In the age of prospect rankings and (thankfully) an increased coverage of the minor leagues, fantasy owners tend to covet the top prospects in baseball. They don’t want to miss out on the next Mike Trout, Bryce Harper or Yasiel Puig — and that fear of whiffing on these young phenoms obviously becomes amplified in dynasty leagues.
So this morning, when media outlets reported Xander Bogaerts had been promoted to Boston for the final month and a half of the season, owners immediately flocked to their respective waiver wires to see if Bogaerts was still available. If you’re just hearing the news and need help at shortstop, you would be wise to do the same.
That’s not to say Bogaerts is guaranteed to be a stud throughout the remainder of the season, though. In fact, it’s slightly unclear as to what his ultimate role with the Red Sox will be.
He is a shortstop by trade, but he’s also seen some time at third base. Coincidentally, the Red Sox could use an upgrade at both positions. Stephen Drew is hitting .195/.248/.345 with a putrid .259 wOBA against left-handed pitching this season. Bogaerts would certainly provide increased production at the plate against southpaws, so it seems reasonable to project the young shortstop to garner some at-bats in those situations.
However, Drew is a solid defender and has handled right-handed pitching with aplomb. It doesn’t make sense for the Red Sox to bench him with a righty on the mound when he has compiled a .361 wOBA against them this season. By that logic, Bogaerts appears to be a platoon option at shortstop.
Over at third base, though, Will Middlebrooks has been a disappointment. He’s hitting .223/.268/.424 with 10 home runs on the season, and at one point, he was even demoted to Triple-A Pawtucket. The young man has handled left-handed pitching, though. He owns a .337 wOBA against lefties, so he’s not screaming for a replacement against southpaws.
It’s another story against right-handed pitching. His .283 wOBA is well below the league average at third base, and although he’s been victimized by a .240 BABIP, the platoon split was also present last year. It just wasn’t as dramatic.
Bogaerts, on the other hand, has not shown any platoon split in the minors this year. He has an .870 OPS against righties and an .874 OPS against lefties. His ability to handle both at the plate could convince the Red Sox to start him at third base against righties and at shortstop against lefties. I’m sure the organization doesn’t want to bounce him around too much defensively, but their shortcomings at shortstop and third base seem to fit perfectly for such a scenario.
At the very least, the Red Sox didn’t promote Bogaerts to sit on the bench. His bat has the potential to be special. Between Double-A and Triple-A this year, he hit .297/.388/.477 with 23 doubles, six triples and 15 home runs. He has a mature approach at the plate, which can be seen by his 10.7% walk rate in Triple-A as a 20-year-old. He also stole seven bases, though that’s never been a significant part of his game.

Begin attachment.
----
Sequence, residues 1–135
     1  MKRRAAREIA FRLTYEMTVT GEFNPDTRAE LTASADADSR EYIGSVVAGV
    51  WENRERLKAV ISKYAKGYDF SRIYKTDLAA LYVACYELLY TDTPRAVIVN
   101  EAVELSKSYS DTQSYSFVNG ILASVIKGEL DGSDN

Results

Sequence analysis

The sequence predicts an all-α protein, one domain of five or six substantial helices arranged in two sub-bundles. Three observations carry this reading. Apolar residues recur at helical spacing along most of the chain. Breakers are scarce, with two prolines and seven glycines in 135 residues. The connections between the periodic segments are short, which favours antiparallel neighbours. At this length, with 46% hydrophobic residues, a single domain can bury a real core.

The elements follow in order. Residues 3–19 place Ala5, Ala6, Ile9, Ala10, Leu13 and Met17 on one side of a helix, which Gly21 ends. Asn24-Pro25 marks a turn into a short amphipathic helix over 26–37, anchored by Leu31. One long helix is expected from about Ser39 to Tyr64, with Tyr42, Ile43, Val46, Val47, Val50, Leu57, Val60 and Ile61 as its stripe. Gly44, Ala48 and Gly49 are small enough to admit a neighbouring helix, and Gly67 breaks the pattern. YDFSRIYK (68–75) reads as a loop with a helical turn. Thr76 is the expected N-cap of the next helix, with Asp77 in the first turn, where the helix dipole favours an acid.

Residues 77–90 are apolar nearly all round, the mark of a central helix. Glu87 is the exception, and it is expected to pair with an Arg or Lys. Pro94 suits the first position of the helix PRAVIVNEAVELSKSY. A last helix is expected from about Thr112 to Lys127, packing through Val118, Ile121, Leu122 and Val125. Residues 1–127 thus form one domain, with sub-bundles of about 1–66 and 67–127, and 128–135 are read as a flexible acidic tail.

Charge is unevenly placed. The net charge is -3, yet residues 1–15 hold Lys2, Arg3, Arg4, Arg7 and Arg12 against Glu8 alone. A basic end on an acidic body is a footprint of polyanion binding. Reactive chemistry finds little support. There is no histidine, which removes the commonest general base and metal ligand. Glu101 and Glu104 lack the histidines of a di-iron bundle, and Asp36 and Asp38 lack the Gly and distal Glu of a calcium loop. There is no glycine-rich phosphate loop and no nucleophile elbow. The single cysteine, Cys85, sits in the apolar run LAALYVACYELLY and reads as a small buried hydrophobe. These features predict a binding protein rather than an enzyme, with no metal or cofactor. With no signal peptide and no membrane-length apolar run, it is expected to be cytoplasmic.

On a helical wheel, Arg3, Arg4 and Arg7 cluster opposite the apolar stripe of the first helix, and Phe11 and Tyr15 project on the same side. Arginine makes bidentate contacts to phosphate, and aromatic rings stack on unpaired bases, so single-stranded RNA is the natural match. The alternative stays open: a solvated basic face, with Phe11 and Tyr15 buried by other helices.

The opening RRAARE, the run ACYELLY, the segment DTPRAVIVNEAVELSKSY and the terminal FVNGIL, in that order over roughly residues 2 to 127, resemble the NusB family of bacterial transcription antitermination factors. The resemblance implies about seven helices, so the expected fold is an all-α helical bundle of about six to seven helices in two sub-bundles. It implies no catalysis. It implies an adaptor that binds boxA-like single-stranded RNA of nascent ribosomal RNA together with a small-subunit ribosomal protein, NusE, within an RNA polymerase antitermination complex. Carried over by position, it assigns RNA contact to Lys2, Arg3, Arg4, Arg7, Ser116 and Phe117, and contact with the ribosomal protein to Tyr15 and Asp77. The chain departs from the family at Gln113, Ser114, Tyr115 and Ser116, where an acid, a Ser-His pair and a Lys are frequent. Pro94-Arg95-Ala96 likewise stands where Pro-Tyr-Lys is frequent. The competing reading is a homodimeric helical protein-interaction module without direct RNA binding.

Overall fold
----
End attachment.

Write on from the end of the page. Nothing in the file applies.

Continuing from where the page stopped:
Right now, he’s only eligible at shortstop, but for owners desperately looking for help up the middle, Bogaerts could be a key catalyst for the stretch run in fantasy leagues. He projects to hit for average and power, and he’ll be joining one of the best offenses in the league — so his run and RBI totals have a chance to be solid. There’s also an outside chance his stolen base numbers could improve, as manager John Farrell is a fan of being aggressive on the base paths. His team has the third-most stolen bases in the league. Owners may benefit from Bogaerts joining a club with such an aggressive mentality.
Keep in mind, baseball fans have been spoiled in the last few years. Guys like Mike Trout, Bryce Harper and Manny Machado are not the norm. Players shouldn’t be expected to become superstars before they even reach the legal drinking age. There is almost always an adjustment period. Look at Jurickson Profar and his .290 wOBA — many owners are already jumping off that bandwagon, when he’s just 20 years old!
Bogaerts certainly possesses the skills and the potential to be special. While it’s perhaps unfair to immediately expect him to produce at a high level, I’ve already claimed him in leagues where I needed an upgrade at shortstop or middle infield. The Red Sox presumably didn’t promote him to relegate him to the bench, and I’m not about to take the chance that he mashes throughout the remainder of the season without him being on my roster.
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